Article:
Case study: multiple sclerosis
Multiple sclerosis (MS) is a condition that affects the central nervous system. It is relatively rare with about 120,000 in the whole of the UK having a diagnosis. The symptoms that individuals with MS show are very variable. This is because any part of their central nervous system may be affected by the disease process and, as we have met, some functions are localised. So, the location of the pathology in any one individual will determine the symptoms that they have.
- Look up the symptoms that are commonly seen in MS patients. Relate these to the regions of the brain we have met earlier in this week.
Although our understanding of the causes of MS is incomplete, the evidence suggests that the glial cells are the primary pathological target. We met glial cells in general terms in Weeks 1 and 2. There are a number of types of glia in the human nervous system but the ones that are linked to MS are those that wrap around the axons of neurones in the central nervous system.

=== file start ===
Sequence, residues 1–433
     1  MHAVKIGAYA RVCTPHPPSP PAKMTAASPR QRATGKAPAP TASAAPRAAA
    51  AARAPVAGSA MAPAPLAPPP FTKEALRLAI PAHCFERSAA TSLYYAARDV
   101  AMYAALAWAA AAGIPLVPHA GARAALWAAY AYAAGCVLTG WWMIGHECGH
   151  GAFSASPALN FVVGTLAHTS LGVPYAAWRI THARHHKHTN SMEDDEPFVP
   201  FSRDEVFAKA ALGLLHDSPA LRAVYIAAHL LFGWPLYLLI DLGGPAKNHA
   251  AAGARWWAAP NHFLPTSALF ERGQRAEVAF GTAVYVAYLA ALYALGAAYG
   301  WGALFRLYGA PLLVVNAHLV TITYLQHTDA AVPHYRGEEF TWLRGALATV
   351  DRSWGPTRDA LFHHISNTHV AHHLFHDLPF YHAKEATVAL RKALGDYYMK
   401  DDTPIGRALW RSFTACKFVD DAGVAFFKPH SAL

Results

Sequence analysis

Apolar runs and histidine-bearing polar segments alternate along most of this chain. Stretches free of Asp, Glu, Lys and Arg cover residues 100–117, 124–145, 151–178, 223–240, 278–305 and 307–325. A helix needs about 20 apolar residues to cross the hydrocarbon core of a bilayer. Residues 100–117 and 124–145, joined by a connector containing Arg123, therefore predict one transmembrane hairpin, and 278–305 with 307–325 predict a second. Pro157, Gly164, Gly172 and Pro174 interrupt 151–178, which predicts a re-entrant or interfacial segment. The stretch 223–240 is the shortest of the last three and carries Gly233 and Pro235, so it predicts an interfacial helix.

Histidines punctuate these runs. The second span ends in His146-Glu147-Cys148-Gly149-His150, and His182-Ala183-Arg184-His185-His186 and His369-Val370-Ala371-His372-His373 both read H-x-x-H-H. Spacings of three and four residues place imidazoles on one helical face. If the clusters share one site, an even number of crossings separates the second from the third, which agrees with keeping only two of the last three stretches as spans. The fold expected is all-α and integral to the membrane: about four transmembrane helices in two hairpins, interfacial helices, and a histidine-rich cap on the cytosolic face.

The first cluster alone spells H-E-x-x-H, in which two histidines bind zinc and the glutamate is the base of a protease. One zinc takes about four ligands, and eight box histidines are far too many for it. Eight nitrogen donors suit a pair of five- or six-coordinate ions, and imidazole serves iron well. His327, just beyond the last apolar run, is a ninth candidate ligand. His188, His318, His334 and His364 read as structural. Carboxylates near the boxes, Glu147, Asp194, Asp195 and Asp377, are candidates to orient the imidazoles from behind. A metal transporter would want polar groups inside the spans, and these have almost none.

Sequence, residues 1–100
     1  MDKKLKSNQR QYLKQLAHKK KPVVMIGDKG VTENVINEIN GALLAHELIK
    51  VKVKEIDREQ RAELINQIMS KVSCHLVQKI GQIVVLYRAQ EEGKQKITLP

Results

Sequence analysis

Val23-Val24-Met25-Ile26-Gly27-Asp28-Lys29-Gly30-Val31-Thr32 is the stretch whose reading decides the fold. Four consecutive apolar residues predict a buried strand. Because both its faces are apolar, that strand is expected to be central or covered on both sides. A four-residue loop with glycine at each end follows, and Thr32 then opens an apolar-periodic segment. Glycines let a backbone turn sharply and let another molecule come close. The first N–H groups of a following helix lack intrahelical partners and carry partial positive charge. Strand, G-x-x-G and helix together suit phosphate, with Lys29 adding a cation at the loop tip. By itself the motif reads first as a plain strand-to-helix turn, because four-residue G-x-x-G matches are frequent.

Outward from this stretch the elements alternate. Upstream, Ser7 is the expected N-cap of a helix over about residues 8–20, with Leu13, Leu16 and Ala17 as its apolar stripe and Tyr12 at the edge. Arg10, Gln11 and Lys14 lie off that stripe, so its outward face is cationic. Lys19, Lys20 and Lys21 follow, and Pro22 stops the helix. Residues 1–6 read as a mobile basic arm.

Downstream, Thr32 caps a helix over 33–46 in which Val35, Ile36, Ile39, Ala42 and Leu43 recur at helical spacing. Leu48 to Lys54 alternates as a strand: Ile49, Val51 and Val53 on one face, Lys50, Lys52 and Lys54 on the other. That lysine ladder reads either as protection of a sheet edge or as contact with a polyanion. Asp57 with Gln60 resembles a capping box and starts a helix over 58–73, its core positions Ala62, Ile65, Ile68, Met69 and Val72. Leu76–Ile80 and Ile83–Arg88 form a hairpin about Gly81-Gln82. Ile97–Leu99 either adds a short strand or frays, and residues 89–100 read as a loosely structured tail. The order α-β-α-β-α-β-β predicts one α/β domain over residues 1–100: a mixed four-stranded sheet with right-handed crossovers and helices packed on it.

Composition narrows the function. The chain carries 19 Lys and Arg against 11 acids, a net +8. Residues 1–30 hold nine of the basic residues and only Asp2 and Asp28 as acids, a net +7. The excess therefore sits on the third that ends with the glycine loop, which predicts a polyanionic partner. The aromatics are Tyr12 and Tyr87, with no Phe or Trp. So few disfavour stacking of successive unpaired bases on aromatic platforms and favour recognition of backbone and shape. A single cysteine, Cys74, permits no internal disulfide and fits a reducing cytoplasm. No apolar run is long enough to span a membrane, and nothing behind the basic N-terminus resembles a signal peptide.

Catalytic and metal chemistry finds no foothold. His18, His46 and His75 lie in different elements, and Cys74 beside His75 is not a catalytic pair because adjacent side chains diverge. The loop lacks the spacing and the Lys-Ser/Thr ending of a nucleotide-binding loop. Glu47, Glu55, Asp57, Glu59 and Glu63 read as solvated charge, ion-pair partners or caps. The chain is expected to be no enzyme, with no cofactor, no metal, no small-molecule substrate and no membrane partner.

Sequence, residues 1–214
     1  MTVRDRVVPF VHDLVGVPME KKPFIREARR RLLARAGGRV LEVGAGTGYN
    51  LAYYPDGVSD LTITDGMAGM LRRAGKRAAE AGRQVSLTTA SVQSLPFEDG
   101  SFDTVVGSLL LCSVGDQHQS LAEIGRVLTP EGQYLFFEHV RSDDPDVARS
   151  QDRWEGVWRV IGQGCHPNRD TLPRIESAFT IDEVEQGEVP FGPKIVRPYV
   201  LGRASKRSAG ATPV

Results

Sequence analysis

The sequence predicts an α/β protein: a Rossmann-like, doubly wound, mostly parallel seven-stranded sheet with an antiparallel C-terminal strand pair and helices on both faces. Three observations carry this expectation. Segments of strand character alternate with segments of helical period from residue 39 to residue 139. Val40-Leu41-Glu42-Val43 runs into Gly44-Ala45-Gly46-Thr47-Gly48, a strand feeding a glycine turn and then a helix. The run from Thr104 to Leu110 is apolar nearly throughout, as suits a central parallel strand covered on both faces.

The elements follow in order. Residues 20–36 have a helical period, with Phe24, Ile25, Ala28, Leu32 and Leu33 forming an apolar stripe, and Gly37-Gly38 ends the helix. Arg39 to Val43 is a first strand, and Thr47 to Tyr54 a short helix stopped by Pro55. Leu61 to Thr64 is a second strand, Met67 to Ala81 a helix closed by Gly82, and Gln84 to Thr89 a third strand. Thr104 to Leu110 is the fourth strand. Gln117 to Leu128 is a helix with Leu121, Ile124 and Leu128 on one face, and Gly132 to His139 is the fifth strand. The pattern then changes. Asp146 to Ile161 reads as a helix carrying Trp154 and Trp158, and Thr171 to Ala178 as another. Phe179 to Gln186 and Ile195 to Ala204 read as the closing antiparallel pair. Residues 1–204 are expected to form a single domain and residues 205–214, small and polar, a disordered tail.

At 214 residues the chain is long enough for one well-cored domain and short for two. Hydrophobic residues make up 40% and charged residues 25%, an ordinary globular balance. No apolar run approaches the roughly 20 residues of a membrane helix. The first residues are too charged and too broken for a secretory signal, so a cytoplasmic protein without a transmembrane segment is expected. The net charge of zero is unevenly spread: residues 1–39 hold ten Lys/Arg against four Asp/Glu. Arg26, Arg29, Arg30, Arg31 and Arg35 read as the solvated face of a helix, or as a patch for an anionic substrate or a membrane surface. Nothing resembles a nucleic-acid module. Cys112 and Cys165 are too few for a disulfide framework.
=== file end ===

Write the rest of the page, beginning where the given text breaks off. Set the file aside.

- What do the glia that wrap around axons produce to aid the conduction of electrical signals along the axon?
- Which type of glia performs this function in the central nervous system?
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